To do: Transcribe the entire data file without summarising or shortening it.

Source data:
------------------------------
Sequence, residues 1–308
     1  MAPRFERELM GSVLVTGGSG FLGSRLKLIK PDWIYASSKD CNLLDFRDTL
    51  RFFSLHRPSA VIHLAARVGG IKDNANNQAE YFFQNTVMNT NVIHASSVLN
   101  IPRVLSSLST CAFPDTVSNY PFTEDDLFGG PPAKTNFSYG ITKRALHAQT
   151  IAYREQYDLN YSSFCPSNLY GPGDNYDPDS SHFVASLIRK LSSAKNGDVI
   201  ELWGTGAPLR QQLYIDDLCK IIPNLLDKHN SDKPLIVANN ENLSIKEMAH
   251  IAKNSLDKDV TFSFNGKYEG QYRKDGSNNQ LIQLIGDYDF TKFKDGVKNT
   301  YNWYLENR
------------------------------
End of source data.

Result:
Sequence, residues 1–308
     1  MAPRFERELM GSVLVTGGSG FLGSRLKLIK PDWIYASSKD CNLLDFRDTL
    51  RFFSLHRPSA VIHLAARVGG IKDNANNQAE YFFQNTVMNT NVIHASSVLN
   101  IPRVLSSLST CAFPDTVSNY PFTEDDLFGG PPAKTNFSYG ITKRALHAQT
   151  IAYREQYDLN YSSFCPSNLY GPGDNYDPDS SHFVASLIRK LSSAKNGDVI
   201  ELWGTGAPLR QQLYIDDLCK IIPNLLDKHN SDKPLIVANN ENLSIKEMAH
   251  IAKNSLDKDV TFSFNGKYEG QYRKDGSNNQ LIQLIGDYDF TKFKDGVKNT
   301  YNWYLENR